The “Serve and Volleyer” chimed in with the story of a western suburbs dalmatian – lovely dog, but with a lower-than-average canine IQ.

It kept on eating the bamboo clumps in the family back yard, a practice that routinely left bamboo “mulch” wedged in his stomach. After 13 surgical procedures, you’d think the dog would have learnt, but no – there was a 14th “cloggage”. No final figure associated with that repatriation – but ballpark, $25-30K.

However, my favourite pet “investment”, and perhaps the worst value for money, was the story involving the PR guru who spent $950 on tests, to learn his ageing Boxer could sleep standing up.

“Nothing wrong with the dog,” the vet advised, a little too enthusiastically. “He’s in perfect health – just doesn’t need to be lying down to nod off.”

Yes, man’s best friend can also be man’s deepest money pit.

I get it, owners spending obscene amounts, to amend canine ill health, and on occasions, extend the lifespan of their loving hound.

Dogs are so appreciative – they give you so much back. Imagine if your kids greeted you at front door each evening with the same level of enthusiasm as your dog? You’d even be happy to have them in the house.

But wow – talk about collars and dollars.

As an exercise in social science, I thought I’d ask my vet mate “Back-row Bill” about the financial threshold for other pets. What creatures, large and small, had he rescued and revived, without so much as the check of a cheque book?

“Not long ago, I had a family prepared to pay up to $1000 to fix an egg bound chicken,” BRB conceded, somewhat contritely. “I tried to talk them out of it by highlighting that they could buy roughly 50 new chickens for the same price. But they insisted Delphine was nursed back to full health. And she was. Never laid another egg, mind you.”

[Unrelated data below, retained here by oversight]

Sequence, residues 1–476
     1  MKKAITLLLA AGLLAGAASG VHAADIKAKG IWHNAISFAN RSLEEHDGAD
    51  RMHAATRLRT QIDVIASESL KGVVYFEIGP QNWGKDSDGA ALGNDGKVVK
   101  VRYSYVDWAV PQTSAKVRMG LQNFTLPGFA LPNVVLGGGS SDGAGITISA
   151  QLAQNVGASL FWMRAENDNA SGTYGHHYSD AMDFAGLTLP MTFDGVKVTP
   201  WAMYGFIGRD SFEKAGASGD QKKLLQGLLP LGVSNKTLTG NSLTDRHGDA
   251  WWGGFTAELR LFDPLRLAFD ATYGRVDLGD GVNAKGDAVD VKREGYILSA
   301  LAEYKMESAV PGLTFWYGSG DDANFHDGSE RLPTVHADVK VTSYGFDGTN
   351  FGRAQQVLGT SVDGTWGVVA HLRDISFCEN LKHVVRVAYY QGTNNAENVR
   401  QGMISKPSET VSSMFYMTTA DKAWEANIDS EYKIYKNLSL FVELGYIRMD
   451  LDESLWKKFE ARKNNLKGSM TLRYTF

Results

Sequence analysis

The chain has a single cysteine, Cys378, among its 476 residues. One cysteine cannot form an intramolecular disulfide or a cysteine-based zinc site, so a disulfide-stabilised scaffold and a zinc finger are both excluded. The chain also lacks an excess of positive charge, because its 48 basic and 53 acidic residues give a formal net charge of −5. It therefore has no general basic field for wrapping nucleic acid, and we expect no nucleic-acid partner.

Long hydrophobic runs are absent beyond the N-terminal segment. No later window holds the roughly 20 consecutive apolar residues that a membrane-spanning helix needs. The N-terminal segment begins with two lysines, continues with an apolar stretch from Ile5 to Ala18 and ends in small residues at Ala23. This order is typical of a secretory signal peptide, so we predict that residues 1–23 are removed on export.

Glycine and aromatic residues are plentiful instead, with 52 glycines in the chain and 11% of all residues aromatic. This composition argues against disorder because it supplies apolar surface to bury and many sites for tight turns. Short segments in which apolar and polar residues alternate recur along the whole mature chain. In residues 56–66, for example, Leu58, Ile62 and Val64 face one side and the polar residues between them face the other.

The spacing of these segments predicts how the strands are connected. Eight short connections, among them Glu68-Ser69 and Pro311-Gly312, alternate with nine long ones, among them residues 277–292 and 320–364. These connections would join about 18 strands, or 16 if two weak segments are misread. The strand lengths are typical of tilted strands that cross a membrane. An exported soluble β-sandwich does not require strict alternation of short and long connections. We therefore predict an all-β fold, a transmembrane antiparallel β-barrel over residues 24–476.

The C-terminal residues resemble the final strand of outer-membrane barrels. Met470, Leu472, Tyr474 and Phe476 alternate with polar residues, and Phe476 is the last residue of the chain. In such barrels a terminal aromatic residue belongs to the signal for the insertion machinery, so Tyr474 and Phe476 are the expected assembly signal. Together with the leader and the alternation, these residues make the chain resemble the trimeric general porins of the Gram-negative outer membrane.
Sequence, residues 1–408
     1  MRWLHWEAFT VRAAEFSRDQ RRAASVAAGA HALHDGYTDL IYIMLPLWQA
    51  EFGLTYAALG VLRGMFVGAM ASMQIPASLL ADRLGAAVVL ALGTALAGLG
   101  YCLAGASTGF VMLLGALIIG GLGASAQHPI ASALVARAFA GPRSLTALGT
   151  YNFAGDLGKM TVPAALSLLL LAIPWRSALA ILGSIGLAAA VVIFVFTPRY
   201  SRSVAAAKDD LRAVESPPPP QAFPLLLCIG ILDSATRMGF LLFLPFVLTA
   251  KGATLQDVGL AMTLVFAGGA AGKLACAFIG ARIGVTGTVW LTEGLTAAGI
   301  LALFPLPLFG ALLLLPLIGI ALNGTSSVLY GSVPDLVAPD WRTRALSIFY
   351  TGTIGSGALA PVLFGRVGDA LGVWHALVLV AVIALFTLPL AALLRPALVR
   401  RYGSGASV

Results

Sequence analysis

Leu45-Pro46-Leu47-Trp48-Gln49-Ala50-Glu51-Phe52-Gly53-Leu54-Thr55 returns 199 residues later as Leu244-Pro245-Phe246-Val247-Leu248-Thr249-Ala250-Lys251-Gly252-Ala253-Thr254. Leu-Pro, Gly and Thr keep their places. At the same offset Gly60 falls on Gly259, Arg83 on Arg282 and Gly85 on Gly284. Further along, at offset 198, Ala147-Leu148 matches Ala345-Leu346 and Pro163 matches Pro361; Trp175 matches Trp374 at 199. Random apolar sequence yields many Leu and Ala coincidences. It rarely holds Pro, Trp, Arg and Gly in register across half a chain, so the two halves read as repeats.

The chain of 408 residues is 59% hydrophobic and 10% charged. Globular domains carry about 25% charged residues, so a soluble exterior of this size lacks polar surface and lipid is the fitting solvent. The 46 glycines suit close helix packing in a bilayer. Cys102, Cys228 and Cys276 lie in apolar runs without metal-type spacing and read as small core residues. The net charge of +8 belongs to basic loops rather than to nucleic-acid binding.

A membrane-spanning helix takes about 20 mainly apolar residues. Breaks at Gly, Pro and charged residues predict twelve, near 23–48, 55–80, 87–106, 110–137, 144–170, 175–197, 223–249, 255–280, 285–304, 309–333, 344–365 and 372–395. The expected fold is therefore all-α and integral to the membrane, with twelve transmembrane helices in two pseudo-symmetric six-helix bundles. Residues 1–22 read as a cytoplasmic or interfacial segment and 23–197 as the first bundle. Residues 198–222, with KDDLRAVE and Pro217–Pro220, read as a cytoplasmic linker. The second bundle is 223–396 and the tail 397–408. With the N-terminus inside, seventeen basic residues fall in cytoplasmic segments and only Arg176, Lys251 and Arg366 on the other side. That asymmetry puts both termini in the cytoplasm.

There was also a duckling that suffered a broken leg, after being dropped from clumsy-seven-year-old-height, while being paraded around the garden.

BRB, in keeping with his professional standing, advocated strongly a swift humane act, followed immediately by the introduction of a next-to-identical replacement duckling. But no, Donald Junior underwent surgery, sadly passing away on the operating table under general anaesthetic, a couple of days later.

He can’t remember what portion of total expense incurred he recouped on that occasion, but certainly not enough to run tests to see if the duckling could sleep standing up, once its broken leg had healed. Poor Donald J.

BRB admitted he was often torn between the various competing forces – animal welfare, owner distress, financial prudence, and common sense.

Which way he leans depends on the instructions of the master or mistress he is serving.

Emotional instead of rational decision making – most of us are hobbled by it at some point in our lives.

I’m proud to say, in our house, we’re pretty clinical in our thinking about pets. Able to untangle the emotional and the financial, factoring in projected medical maintenance, and expected quality of life.

Pretty simple, really.

But that’s where I’d better finish up. I have to take my favourite little girl to her physio appointment.

After that, she’s off to Pilates.

Local News Matters
Copyright © 2024 InQueensland.
All rights reserved.
Privacy Policy